What is the role of arthrography in the workup of developmental dysplasia of the hip (DDH)?

Updated: Feb 26, 2018
  • Author: Junichi Tamai, MD; Chief Editor: William L Jaffe, MD  more...
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Answer

Arthrography is a dynamic study, performed by injecting radiopaque dye into the hip joint and then carrying out a fluoroscopic examination, usually with the patient under anesthesia. Although it can be performed independently, it is routinely performed in conjunction with a closed reduction. Arthrography can be helpful in determining the underlying cartilaginous profile and dynamic stability of the hip. [36] It has also been used in conjunction with a hip MRI study to facilitate demonstration of labral tears.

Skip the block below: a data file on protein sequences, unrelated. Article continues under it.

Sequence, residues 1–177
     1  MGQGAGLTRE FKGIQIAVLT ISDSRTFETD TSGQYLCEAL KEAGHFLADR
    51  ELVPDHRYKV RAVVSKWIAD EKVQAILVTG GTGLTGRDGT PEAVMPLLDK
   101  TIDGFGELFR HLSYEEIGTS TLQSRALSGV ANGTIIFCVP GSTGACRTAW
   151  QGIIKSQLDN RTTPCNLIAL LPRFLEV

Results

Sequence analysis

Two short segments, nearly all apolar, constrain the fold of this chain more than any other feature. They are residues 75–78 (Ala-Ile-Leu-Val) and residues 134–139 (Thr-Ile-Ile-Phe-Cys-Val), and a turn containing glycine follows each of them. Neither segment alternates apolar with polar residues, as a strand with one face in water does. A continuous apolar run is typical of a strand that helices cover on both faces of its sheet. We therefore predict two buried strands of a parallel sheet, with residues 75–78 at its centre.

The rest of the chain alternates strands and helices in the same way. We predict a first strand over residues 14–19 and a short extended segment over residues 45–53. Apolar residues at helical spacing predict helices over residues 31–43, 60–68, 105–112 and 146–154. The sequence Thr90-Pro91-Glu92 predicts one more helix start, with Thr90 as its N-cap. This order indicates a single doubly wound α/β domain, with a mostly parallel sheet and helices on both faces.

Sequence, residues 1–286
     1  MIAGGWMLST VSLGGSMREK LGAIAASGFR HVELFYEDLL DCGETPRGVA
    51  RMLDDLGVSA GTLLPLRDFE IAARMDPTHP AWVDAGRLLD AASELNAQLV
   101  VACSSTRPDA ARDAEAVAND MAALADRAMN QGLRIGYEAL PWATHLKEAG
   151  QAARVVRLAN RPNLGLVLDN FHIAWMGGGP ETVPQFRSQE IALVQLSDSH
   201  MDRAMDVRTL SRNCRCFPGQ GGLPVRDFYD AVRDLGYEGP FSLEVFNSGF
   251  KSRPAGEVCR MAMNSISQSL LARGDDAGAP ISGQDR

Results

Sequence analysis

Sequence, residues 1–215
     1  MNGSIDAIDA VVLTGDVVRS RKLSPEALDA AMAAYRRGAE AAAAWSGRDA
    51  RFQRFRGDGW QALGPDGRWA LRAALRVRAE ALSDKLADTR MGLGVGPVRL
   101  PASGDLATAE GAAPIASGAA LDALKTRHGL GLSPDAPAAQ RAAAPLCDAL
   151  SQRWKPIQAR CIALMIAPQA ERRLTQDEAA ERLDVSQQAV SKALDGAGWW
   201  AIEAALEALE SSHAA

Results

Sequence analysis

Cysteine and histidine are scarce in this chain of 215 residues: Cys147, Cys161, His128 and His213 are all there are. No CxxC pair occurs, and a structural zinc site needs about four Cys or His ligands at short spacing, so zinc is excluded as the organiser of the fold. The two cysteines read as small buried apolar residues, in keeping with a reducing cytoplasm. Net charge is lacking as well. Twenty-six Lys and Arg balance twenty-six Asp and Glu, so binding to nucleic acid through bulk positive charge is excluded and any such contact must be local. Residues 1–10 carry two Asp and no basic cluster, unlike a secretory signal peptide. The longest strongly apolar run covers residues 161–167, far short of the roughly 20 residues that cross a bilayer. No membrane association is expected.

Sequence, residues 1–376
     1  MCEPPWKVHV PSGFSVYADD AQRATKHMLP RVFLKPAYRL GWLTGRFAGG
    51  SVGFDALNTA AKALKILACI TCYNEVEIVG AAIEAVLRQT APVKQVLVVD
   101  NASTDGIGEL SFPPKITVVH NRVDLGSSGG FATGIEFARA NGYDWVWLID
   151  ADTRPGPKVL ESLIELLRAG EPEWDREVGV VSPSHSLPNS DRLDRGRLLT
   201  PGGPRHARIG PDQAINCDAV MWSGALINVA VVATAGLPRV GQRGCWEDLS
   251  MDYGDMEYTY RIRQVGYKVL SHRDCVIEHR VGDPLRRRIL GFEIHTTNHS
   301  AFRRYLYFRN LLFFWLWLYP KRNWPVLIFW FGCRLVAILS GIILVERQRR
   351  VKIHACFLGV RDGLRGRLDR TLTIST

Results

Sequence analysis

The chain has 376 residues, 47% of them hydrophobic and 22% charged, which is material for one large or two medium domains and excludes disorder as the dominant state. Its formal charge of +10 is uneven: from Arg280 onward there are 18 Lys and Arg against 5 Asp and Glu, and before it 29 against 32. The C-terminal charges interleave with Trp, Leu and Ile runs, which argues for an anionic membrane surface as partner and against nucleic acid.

When arthrography is performed in combination with a closed reduction, the adequacy of the reduction can be assessed. Increased medial joint space, as demonstrated by medial pooling of the dye and a rounded or interposing limbus, may be indicative of poor long-term results. After closed reduction and immobilization in a hip spica cast, a limited CT scan in the transverse plane is obtained to ensure the hip is not subluxated or dislocated posteriorly.


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